Equestrians share a profound bond with the horses they ride, and when those riders share a bond with each other, it makes those times even sweeter. White Bear Lake residents and friends Beth Hemphill and Rebecca Shavlik encouraged their daughters’ love for horses early on and eventually got back in the saddle themselves. These mother-daughter equestrian duos share a love of horses that has only strengthened their relationships over the years.
Rebecca and her daughter, Irina, fell in love with Morgans many years ago. When first researching breeds, Rebecca remembered the book Justin Morgan had a Horse. “I would ask horse people, ‘What about Morgans?’ and they would tilt their heads, sigh and say, ‘yeah, if you can get a Morgan, they’re the best!’” The Shavliks now own several Morgans who reside at Hardwood Creek Farm in Hugo.
Rebecca says, “I love Morgans because of their classic look, great minds and big hearts. I also love the history of the horse as the first true American breed, and their reputation in the 19th century as great work horses because of their build and heart.” She especially admires “a good ‘typey’ Morgan with all that heart and go.” After years of watching Irina ride, Rebecca got in the driver’s seat—literally. She often “drives” their Morgans, meaning the horses are hitched to a cart.
Now a busy professional living in Chicago, Irina still cultivates her passion for riding. She has competed in countless horse shows over the years and continues to ride Western, hunt seat, English pleasure and park styles, “and could never pick one as a favorite,” she says.
Irina appreciates the times she’s spent with her mom because of their shared love of horses, saying, “riding has brought my mom and me together since I started riding at age 9. When I started showing, she was the one to drive me to the barn, bring me to shows and support my dedication to the sport. I now realize how valuable that time was and how fortunate I was to have her support.”
Horses continue to unite them. “My mom and I connect over horses weekly, and we always make decisions together,” Irina says. “I think it’s something we will always have a connection over, and I feel lucky because of it.”
Like her mother, Irina has an unshakeable affinity for the Morgan breed. “I love Morgans for the history, the breed community and the beauty of the horses. I find it impressive that one breed can be so successful in almost any division they are put into--and it’s tough to find an ugly Morgan!” she says.
Another White Bear Lake mother-daughter duo, Beth Hemphill and Samantha “Sammy” Kevitt, heartily agree. They own three Morgans who, as Beth says, they “love to pieces.”
Beth clearly remembers her first Morgan encounter: “Our family had Quarter Horses and I showed in 4-H. I was at a show and for the first time, I saw Morgan horses. Everything about them was what I had pictured in my mind as the perfect horse. They remind me of what you see on a carousel, and that trot! I was so shy, but I had to touch one. I wanted to ride one, just once. I still feel the same way when I see our beautiful horses. I’m such a lucky girl. It never gets old, ever,” Beth says.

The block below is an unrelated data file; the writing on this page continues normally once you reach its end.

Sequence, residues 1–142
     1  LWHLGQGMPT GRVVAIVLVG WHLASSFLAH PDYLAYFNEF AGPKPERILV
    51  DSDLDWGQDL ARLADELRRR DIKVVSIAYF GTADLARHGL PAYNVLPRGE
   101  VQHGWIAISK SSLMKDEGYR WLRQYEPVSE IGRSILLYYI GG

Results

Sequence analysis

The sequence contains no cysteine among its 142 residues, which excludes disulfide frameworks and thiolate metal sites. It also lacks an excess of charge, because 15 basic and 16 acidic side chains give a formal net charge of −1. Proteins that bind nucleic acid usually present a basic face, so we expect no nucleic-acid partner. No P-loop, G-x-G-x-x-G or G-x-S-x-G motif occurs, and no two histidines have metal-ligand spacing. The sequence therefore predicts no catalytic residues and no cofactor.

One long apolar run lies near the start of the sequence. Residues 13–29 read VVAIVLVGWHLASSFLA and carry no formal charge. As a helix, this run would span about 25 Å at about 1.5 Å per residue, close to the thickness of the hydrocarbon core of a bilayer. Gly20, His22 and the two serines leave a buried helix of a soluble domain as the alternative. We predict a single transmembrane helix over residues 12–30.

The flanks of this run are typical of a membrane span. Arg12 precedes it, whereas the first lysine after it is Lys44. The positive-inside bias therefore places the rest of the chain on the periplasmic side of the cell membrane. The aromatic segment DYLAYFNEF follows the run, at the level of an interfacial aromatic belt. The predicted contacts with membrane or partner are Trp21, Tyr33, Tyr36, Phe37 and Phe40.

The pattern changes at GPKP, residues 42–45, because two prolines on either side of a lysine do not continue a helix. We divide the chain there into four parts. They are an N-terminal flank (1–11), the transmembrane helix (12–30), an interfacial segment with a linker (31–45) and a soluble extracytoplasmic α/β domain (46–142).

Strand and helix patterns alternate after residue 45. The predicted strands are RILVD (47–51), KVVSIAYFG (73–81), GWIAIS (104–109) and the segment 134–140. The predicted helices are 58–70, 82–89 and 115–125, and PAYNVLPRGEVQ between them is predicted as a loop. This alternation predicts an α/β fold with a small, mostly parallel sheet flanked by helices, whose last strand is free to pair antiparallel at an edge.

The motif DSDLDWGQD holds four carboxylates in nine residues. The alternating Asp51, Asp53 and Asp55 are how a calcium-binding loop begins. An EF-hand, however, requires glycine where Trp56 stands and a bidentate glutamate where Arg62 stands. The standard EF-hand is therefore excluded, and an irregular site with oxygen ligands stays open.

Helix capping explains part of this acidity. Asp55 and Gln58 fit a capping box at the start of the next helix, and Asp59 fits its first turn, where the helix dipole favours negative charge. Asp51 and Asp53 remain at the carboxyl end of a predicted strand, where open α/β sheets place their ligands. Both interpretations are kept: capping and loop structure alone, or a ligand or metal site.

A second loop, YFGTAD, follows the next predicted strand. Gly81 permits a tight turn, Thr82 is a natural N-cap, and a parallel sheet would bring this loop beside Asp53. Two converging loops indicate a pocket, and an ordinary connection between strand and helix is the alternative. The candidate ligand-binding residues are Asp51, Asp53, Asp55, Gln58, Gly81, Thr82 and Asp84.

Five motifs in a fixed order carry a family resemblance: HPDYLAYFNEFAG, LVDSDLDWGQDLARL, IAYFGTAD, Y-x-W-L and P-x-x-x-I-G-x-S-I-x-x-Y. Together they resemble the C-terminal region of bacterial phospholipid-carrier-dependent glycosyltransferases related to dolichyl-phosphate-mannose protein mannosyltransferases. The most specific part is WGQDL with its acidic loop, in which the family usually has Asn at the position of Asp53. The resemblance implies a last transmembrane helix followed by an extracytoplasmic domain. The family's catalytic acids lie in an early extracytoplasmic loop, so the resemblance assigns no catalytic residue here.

She and Sammy have made going to Hardwood Creek Farm together a weekly tradition for the last 15 years. “We look forward to the smell, the beautiful horses, the crazy fun “Creekers” and the best trainers/friends/therapists you could ask for,” Beth explains.
Beth says riding “brings us closer because we’ve never had to explain to each other the ‘why,’ as in ‘why does smashing your face into a horse’s neck and running your fingers through their mane make the worst day better?’ Sometimes I wonder if it’s a DNA thing that runs in families. Why wouldn’t I want to spend time with my daughter and the horses we love? Sammy has grown into such an incredible rider, and I have a ringside seat to cheer her on. I wouldn’t change any of it.”
Sammy shares her mother’s love for the Morgan. “They are intelligent, level-headed and athletic. They give 110 percent each time you step into the stirrups. There’s also something about the Morgan’s eyes that have always drawn me to them—they have very gentle, trustworthy eyes,” Sammy says. Sammy also appreciates their versatility, having competed in English pleasure, driving and Western divisions.
Sammy started riding in elementary school, and now an elementary school teacher herself, she continues to ride with her mom every Saturday. “Horses have been something my mom and I have bonded over since I was little. I caught the horse bug from her,” Sammy says. And, she acknowledges, “My mom is totally a show mom! She comes to every single show with me. I don’t tell my mom enough how much I appreciate everything she does for me at horse shows--she works a lot harder than I do at shows. I feel incredibly blessed to have her by my side at each show.”
More important than her riding success, Sammy says “my mom and I have been creating memories with horses since before I could walk. My favorite memories are spending time on Saturdays with my mom at the barn. We have so much fun getting our horses ready and riding together. It is a relaxed, wonderful way to spend our Saturday mornings.”
Both mother-daughter duos aren’t hanging up their saddles anytime soon. “I’m not sure what’s in the future, but for now we’re enjoying the ride,” Beth says.
(Left photo courtesy of Beth Hemphill and Sammy Kevitt)